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"Ippon" Again!
Episodes 1-3

by Nicholas Dupree,

How would you rate episode 1 of
"Ippon" Again! ?
Community score: 3.9

How would you rate episode 2 of
"Ippon" Again! ?
Community score: 3.8

How would you rate episode 3 of
"Ippon" Again! ?
Community score: 3.9

©Yuu Muraoka (AKITASHOTEN)/Ippon again! Production Committee

One of my favorite YouTube channels is Secret Base, a sports-focused channel that wears a lot of hats but is best known for extensive video essays on individual teams or players. For me, that creative team's most defining feature is their ability to find – or sometimes construct – relatable human narratives out of the endless sea of athletic statistics. So much sports media is oriented around competition and statistical glory, understandably so. Still, there are endless and compelling stories to be told about people who didn't become world champions or gold medalists – both in real life and anime.

Don't get me wrong, I love shows like Haikyu!! or Yowamushi Pedal that are about athletes setting their hearts on fire and breaking their limits to go to nationals. Still, victory is only a small part of what makes any sport meaningful. That's why I enjoy series like "Ippon" Again! that take a more personal perspective of being an athlete. Sure, Michi and the rest of the club want to win, but that's ultimately secondary to everything else that attracts them to judo.

For Michi, judo is about enjoying the act itself, be it the rush of a match, the tactile sensations of the tatami mats and judo gi, or the chance to improve herself on her own terms. For Sanae, it's a way to connect with her friends and take agency in her life outside of just following her family's expectations. For Himura Hyuga Hiura, judo is where she's able to feel confident and secure, in contrast to her typically nervous and shy personality. None of the girls are particularly deep, and each occupies a familiar archetype, but that human motivation goes a long way in making them the lovable doofuses they are. Combined with a very natural lilt to their dialogue and particularly teenager-like body language, it makes our cast feel like real people you could have known – or been – in high school.

That approach also makes them really funny. There's a natural rapport to the whole cast, letting them feel like real friends, goofing on each other and making snarky remarks to one another that only comes from years of friendship. The one exception is Hiura, as the newcomer, but her anxious chipmunk temperament is just as endearing, and I love her habit of putting on her gi to boost her confidence. But out of all these little munchkins, my favorite is currently Nagumo, the overcompensating kendo wiz who keeps insisting Michi join her club because she's too insecure to tell the other girl how much she cares about her.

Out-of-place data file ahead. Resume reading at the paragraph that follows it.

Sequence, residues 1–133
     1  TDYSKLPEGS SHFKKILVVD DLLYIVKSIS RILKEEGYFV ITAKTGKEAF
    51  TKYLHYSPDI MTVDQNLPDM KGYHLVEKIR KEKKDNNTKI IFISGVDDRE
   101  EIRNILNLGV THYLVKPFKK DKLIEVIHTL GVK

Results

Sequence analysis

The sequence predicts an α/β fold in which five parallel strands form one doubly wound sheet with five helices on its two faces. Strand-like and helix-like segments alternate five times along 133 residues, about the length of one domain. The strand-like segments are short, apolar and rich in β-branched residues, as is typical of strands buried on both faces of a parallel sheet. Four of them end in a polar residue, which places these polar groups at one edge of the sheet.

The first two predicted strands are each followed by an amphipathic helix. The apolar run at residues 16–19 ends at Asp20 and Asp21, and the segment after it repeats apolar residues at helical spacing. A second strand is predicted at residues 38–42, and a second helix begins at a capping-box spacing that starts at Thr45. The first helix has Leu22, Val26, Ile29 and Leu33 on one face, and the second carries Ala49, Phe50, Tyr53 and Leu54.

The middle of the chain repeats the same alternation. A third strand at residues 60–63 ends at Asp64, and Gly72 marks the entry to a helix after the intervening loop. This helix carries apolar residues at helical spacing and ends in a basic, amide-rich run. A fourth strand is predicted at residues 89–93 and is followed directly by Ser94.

I especially loved how Michi immediately defended Nagumo when a teacher went after her about her hair color. It shows us that for as much grief as the other girls give her, that's only because they're friends who know for sure they care about one another. Props to the girls' handsome advisor, Shino-sensei, for not taking any crap from the school's overzealous rugby coach and standing up for the kids. The show's thankfully avoided the tired setup of gathering members to keep the club running, and scenes like that have allowed it to build an endearing camaraderie between the cast.

Judo itself has understandably taken a backseat in these opening episodes since it's more important to establish the cast and their relationships before diving into a potentially lengthy tournament. What little we've seen has been effective, if not phenomenally animated. There are a lot of shortcuts being made, keying in on single moments that deliver on the heft and impact of a throw while letting the rest of any match be told through stills and commentary. So this is almost certainly a series that the writing carries around those matches than any spectacle within them.

That's fine by me since I'm already invested in Hiura's conflict with her former senpai – it's pretty funny that one of our characters has had a totally different sports anime going on in her backstory that's only now intersecting with our core group. But if you're looking for fist-pumping, high-octane action, then I doubt this upcoming tournament will grab you. Still, "Ippon" Again! has been effortlessly charming so far, and I'm more than happy to spend more time with these kids.


"Ippon" Again! is currently streaming on HIDIVE.

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